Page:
One of the things that happens with software shops is you wind up in a bi-modal situation with testing and deployments for the most post.

If, like Amazon, you have a very low bar for a deployment you wind up in a scenario where testing is a relatively minor task (if it even exists) that is a gating condition for a deployment. If something doesn’t work then you can very quickly fix the issue and quickly deploy a fix. To put things in perspective, I’ve seen interns check-in code and cause a deployment during my time at Amazon — there isn’t a “sign off process” or anything. You just put stuff out there and fix it if it breaks.

If you break things too often you get a good talking to.

On the other hand, many software shops have a much higher bar for a deployment. You can spend a man-month or more testing to make sure things are working as designed. When you have such an expensive process you will, of course, be very tentative to kick off a deployment since it’s so incredibly expensive.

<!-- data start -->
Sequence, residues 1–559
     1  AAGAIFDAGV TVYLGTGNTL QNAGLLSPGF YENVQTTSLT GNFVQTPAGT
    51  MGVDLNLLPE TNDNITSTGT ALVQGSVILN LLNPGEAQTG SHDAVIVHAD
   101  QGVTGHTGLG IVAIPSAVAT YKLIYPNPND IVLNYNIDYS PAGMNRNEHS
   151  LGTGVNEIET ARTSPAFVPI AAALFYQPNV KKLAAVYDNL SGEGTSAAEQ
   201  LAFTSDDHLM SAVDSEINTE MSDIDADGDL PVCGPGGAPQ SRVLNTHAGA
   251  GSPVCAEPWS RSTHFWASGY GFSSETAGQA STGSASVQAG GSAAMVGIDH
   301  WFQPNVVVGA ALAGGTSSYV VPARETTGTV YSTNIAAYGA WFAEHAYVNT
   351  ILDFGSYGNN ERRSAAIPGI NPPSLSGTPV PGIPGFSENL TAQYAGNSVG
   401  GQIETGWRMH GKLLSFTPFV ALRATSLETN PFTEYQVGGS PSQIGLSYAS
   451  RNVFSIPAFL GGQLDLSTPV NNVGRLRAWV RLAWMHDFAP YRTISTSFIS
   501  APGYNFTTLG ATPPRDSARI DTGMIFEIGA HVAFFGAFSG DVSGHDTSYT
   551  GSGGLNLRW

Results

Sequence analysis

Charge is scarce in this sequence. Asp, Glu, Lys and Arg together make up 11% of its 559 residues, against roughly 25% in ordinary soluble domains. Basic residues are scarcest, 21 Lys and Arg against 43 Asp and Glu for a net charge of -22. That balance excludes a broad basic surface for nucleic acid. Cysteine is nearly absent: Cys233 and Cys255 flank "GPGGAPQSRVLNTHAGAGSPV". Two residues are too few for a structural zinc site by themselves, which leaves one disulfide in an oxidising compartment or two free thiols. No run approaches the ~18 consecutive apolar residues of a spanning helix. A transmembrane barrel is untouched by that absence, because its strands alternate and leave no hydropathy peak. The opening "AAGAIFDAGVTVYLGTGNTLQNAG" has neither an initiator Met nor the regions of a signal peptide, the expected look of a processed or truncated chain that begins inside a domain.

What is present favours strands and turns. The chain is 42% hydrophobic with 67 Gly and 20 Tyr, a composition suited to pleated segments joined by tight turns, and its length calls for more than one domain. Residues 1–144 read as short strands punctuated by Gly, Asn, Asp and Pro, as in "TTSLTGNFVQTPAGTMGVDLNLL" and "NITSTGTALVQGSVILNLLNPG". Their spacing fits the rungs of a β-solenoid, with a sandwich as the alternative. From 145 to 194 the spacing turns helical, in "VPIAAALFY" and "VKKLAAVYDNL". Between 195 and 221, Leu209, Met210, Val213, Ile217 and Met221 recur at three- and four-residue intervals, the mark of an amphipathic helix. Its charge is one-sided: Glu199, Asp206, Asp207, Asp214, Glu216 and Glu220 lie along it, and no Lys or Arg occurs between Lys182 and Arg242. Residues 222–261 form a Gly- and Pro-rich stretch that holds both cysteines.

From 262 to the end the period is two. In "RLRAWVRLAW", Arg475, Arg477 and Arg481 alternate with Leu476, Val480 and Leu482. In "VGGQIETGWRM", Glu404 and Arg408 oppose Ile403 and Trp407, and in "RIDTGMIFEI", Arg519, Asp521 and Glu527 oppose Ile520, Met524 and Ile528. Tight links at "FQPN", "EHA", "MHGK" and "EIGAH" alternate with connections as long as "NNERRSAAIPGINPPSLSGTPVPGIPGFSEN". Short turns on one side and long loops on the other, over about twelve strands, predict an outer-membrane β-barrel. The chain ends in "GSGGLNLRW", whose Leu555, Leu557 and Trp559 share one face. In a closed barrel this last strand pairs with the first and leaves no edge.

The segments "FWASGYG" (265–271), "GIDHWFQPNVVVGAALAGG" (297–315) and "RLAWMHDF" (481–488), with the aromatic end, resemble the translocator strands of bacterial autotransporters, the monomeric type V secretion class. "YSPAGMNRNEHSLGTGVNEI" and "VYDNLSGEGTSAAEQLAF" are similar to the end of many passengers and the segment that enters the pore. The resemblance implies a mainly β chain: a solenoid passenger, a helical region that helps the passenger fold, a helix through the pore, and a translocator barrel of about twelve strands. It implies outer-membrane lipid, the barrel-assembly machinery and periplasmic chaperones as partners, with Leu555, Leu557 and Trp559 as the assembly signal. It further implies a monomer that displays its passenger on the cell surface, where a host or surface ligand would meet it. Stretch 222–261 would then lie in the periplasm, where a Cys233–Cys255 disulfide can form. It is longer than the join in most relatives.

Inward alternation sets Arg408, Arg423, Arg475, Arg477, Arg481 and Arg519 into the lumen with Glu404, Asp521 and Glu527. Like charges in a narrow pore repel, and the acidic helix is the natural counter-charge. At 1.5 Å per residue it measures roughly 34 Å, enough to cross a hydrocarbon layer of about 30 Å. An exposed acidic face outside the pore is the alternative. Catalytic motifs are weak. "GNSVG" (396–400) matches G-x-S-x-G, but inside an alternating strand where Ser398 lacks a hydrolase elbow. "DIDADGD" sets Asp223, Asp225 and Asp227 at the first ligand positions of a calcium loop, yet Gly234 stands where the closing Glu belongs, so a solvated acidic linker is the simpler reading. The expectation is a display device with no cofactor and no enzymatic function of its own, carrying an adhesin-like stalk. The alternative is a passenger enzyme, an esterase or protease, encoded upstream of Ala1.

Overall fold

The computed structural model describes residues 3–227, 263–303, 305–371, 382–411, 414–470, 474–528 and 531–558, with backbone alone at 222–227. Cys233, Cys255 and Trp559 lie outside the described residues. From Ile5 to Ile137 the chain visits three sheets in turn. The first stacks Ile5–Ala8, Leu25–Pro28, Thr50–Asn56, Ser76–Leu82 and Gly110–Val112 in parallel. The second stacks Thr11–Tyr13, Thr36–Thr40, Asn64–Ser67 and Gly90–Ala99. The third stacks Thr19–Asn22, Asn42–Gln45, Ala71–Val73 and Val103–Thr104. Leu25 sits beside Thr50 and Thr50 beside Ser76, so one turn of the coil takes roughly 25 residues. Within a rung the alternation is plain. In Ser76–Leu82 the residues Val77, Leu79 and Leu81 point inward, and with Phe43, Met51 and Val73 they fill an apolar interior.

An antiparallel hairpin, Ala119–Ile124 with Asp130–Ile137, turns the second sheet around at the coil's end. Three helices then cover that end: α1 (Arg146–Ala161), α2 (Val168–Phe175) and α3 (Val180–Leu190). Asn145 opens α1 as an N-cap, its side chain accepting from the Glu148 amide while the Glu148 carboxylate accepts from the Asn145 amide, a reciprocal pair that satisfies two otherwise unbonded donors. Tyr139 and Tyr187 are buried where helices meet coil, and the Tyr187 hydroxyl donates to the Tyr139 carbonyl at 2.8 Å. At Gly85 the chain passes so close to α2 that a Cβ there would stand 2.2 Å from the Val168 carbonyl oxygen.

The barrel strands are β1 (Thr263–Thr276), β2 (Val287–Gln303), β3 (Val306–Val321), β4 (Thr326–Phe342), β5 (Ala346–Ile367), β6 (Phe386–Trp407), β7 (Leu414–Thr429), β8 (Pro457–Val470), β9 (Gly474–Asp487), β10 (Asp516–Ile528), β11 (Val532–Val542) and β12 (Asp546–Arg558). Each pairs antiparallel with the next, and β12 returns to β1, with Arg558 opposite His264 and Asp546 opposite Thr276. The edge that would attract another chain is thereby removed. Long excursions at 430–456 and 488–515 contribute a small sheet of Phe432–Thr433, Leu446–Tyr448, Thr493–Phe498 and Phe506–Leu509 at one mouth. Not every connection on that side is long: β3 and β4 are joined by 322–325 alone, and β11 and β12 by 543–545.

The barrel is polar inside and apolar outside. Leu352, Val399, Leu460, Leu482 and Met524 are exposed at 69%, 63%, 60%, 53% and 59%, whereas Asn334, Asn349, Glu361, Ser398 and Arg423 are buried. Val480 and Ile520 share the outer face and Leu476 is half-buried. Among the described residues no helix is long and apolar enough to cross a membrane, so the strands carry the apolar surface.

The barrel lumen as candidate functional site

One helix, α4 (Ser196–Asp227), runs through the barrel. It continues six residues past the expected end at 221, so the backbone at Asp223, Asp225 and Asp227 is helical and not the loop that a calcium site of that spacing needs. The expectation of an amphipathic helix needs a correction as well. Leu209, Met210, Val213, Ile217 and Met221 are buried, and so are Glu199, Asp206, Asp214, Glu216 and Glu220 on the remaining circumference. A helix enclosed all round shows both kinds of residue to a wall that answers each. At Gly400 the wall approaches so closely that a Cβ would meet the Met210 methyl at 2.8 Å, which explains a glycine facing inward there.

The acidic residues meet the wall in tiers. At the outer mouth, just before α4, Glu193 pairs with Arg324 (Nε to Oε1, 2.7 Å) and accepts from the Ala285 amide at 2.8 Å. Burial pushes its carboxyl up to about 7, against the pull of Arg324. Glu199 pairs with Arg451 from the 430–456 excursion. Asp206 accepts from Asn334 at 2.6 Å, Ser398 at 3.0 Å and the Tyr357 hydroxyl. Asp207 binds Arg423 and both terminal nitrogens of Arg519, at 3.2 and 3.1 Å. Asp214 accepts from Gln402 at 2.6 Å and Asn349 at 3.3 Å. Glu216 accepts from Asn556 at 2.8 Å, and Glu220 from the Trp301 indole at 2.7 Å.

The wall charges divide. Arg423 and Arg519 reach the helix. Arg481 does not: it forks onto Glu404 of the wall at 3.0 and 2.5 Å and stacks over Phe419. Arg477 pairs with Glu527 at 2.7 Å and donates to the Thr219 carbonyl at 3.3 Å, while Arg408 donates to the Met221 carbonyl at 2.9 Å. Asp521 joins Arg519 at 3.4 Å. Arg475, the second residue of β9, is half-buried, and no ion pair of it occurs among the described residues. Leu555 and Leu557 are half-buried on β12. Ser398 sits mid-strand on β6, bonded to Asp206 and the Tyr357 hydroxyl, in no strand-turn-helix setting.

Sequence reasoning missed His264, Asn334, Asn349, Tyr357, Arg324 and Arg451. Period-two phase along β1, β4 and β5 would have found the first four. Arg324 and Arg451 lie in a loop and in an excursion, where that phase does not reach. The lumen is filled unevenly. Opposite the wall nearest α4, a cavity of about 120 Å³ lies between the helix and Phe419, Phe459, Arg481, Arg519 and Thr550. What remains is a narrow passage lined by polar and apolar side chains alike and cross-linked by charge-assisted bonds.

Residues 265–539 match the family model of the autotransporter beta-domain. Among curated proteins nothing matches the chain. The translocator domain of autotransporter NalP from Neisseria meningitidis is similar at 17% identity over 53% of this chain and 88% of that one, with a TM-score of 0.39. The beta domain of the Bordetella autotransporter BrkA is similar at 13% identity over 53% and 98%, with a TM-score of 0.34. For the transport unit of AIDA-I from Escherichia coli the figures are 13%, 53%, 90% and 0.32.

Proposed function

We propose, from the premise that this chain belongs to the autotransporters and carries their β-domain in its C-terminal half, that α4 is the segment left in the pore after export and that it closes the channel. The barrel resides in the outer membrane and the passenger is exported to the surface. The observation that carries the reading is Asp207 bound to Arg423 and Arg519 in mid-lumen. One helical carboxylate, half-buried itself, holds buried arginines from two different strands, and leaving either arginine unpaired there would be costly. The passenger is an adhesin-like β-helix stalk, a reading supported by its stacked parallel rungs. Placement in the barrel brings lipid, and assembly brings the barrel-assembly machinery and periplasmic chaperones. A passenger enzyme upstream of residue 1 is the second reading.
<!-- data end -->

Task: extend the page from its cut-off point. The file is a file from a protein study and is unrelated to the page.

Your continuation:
This doesn’t mean that bugs don’t happen.

Because bugs, regardless of the level of rigor of testing, tend to happen anyway.

Sure, with things that are really expensive you can set an unbearably high bar. Things like space launched come to mind — when hundreds of millions or even billions of dollars and potentially human life are on the line — that bar is set super high.

Baring the extreme case of things like space travel and planes, you wind up with this bi-stable situation. You can have cheap and low-test, or expensive and high-test. Weirdly, it’s hard to go from one to the other because you simply can’t conceive of not doing what you’re doing.

“The other camp is simply crazy.”